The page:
Here's how you can help keep your pet safe -
- Don't leave baked goods out.
- Pay attention to what people offer your pet and what your pets are eating.
- Be extra careful when baking.
- Instruct your kids, family, and friends not to offer some chocolate to your pet out of ‘love’.
It's not just chocolate bars you have to worry about – chocolate chips, M&Ms, and other chocolate treats can be dangerous for pets.
No one in their right mind would pour a glass of champagne for their dog or cat, but that doesn't take away from the fact that alcohol is a real hazard to pets. Have you forgotten? Lots of baked goods and food are prepared with some alcohol. And what about eggnog? This often contains alcohol as well. Just know that it wouldn't be too far-fetched to end up with a tipsy pet this season.
Beyond that, alcohol is toxic and can depress the nervous system of pets. This can make them drowsy, confused, unable to control their bowels, and even likely lead to loss of consciousness or worse, death. This occurs when the more severe symptoms are not treated immediately. Just keep Mister Whisker’s whiskers out of the beer or cocktail this season…and every other season.
These make an appearance a lot during the holiday season. Be it mince pies, fruit cakes, or Christmas pudding, you'll be sure to cut into them and see the lovely raisins staring right back at you. Cut a slice and enjoy. Just don't cut any for your cat or dog. Trust us, they're not going to enjoy it or at least not for long.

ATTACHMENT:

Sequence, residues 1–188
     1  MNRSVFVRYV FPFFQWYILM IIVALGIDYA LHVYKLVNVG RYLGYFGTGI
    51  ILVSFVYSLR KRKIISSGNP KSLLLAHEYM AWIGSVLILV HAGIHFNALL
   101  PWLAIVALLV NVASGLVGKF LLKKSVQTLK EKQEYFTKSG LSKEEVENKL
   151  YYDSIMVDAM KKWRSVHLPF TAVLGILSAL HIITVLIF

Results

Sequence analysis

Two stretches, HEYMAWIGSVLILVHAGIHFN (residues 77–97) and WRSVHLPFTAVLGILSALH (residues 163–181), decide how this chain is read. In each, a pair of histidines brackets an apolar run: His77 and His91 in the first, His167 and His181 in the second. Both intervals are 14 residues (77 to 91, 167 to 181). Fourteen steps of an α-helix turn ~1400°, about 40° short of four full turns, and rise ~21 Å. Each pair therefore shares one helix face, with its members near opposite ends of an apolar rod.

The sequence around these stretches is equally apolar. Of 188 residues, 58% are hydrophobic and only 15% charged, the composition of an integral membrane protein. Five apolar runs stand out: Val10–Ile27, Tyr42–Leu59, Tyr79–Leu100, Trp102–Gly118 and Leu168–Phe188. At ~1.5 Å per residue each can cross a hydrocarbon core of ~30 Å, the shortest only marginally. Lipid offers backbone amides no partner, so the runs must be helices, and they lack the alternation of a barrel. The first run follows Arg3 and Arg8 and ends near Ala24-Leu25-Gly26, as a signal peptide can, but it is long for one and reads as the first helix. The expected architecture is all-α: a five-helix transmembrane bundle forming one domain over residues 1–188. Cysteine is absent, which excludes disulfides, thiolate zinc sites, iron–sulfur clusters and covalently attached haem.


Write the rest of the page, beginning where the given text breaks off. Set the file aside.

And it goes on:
Raisins are toxic for dogs and can cause kidney failure. Do you think raisins are bad? What about chocolate-covered raisins? These are twice the trouble.
Asides from raisins, other dried vine fruits such as sultanas and currants could be potentially harmful as well.
11. Artificial sweeteners
You’re trying to be healthy and cut back on the calories. So, instead of sugar, you decide to go for xylitol. Good for you...not so good for your pet. It’s especially dangerous for dogs.
It can significantly reduce their blood sugar as quickly as 30 minutes after ingestion. Symptoms such as vomiting, lethargy, weakness, and seizures are common here. It can also progress to liver damage.
Keep an eye out for xylitol-containing food and sweets, and be sure to keep your dog as far away from them as possible.